Something Funny About Today
15 Jun 2005
Most (95% or so) of the people who came to the demonstration and bashed people in the army by refering to them as "imbeciles" (as one sign said), even with todays recruitment problems, would be considered "unfit" for military service. I guess in a way it's almost like high school, when, the people who bashed the "jocks" the most, are the same people who got cut, or couldn't make onto a team. Obviously, war is alot more serious than a sporting event, and I'm against the war, but I found it particularly offensive that the vast number of demonstrators shit all over the soldiers. Oh well, typical far left bulshit. And don't reply with the standard " we support the troops, bring them home" nonsense, because you know deep inside that you depise people in the military. You talk about it all the time at your gatherings. What ever happened to tolerance ??
arrestees??
15 Jun 2005
what were they charged with?
Re: Arrestee?
15 Jun 2005
They were all chaged with "Disturbing the peace" and one also with "Unlawful Assembly".

See this link for info:
http://boston.indymedia.org/newswire/display/38648/index.php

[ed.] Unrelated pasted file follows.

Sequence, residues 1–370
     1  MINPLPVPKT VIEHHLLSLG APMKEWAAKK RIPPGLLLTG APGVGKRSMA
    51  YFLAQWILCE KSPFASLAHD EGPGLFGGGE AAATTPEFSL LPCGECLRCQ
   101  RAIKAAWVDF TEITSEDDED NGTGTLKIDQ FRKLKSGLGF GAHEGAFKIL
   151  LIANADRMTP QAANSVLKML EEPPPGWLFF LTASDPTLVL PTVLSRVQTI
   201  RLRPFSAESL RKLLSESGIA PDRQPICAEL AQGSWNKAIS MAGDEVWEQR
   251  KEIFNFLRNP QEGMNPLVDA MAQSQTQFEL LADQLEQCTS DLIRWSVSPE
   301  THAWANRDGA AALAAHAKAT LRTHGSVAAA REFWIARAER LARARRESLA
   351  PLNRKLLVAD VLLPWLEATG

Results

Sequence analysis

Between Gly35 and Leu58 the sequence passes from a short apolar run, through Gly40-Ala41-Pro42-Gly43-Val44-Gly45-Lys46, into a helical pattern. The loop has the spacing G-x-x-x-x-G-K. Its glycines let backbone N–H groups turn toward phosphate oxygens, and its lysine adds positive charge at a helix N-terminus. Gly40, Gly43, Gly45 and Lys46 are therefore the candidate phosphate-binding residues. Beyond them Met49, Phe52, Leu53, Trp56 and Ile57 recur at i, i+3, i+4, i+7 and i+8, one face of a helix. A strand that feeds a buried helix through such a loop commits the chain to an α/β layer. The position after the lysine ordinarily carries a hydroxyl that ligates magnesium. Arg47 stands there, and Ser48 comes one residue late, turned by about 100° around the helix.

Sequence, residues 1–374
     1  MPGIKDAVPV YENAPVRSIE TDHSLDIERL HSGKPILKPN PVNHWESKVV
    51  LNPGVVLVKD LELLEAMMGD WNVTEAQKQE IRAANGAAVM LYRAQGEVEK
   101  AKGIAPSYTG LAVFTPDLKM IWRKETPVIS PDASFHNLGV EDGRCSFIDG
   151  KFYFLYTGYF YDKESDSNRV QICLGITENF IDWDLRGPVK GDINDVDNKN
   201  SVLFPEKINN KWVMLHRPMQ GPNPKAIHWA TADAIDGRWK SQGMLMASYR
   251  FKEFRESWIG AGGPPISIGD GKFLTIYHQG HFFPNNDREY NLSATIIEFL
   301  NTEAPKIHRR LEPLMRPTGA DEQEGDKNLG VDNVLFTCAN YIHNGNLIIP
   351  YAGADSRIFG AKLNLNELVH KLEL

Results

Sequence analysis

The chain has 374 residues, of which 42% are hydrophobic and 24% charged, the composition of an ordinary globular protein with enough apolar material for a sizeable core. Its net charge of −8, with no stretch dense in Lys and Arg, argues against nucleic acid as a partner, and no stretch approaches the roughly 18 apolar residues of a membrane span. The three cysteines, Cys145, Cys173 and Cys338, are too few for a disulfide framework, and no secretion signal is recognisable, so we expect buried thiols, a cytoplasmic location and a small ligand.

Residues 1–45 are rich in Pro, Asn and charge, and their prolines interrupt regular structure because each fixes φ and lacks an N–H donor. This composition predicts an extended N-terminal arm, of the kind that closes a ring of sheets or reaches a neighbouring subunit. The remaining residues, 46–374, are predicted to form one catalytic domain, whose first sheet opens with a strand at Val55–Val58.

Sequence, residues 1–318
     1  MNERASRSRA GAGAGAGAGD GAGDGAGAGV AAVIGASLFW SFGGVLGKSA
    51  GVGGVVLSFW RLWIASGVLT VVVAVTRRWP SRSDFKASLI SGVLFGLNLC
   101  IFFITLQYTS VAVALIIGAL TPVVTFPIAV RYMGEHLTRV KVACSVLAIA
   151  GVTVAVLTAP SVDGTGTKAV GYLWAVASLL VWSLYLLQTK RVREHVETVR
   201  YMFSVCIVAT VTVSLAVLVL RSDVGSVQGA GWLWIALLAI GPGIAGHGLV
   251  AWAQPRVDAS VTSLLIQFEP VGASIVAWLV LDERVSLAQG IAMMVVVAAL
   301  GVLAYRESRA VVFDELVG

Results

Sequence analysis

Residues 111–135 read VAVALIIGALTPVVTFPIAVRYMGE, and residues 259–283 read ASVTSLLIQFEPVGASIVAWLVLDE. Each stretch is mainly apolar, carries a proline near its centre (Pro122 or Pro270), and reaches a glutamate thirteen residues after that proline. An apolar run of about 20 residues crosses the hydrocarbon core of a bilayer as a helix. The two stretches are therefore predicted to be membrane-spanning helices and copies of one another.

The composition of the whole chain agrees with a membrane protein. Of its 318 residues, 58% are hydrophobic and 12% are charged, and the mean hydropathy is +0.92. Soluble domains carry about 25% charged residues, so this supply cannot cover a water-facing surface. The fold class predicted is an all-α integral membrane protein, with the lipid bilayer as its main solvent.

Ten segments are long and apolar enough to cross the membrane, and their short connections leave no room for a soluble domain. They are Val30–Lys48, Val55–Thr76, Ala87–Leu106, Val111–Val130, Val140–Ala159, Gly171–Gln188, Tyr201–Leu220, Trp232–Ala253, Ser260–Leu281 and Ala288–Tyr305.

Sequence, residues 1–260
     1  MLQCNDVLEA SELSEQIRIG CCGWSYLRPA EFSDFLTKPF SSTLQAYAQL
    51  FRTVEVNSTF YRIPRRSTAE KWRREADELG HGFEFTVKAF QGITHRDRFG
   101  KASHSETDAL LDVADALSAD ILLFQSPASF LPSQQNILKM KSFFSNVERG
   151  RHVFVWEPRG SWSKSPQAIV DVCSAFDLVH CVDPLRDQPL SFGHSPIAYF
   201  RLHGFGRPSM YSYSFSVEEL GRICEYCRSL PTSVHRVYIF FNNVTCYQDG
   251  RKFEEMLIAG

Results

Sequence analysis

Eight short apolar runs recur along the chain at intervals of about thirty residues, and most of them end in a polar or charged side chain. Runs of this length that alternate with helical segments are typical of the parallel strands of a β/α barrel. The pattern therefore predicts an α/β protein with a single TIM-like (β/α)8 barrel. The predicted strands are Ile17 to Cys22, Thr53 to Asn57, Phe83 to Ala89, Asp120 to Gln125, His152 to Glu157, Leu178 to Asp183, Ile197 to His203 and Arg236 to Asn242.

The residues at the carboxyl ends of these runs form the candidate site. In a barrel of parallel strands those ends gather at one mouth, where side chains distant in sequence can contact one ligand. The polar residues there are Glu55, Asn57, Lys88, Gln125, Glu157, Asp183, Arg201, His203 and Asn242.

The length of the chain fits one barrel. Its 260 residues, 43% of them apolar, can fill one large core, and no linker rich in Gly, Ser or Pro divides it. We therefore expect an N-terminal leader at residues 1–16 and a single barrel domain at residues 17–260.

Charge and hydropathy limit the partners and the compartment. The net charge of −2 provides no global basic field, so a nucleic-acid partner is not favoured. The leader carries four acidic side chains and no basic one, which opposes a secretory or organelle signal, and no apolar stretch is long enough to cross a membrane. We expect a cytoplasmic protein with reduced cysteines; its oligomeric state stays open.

Re: Protesters Outnumber Military Supporters, as Peace Activists Protest Army Recruitment on the Cambridge Common
15 Jun 2005
Oooh cool, ironic charges!
Re: Protesters Outnumber Military Supporters, as Peace Activists Protest Army Recruitment on the Cambridge Common
15 Jun 2005
OK, how can we do it better folks. seriously...
hmmm... yes, several plants in the crowd were acting out as usual, yelling foul things. making the rest of us look crazy and ugly to the kids.
Um pigboy wearing plastic buttocks and a pig head just confused the school children... interfered with the theater art of the serious young lady in black w the flag tied over her eyes and mouth (he was circling her) pig-boy imagry didnt help the cause & really alienated the middleclass/upperclass elders whose support we need, as their tax dollars pay for the Army... they need to be reached.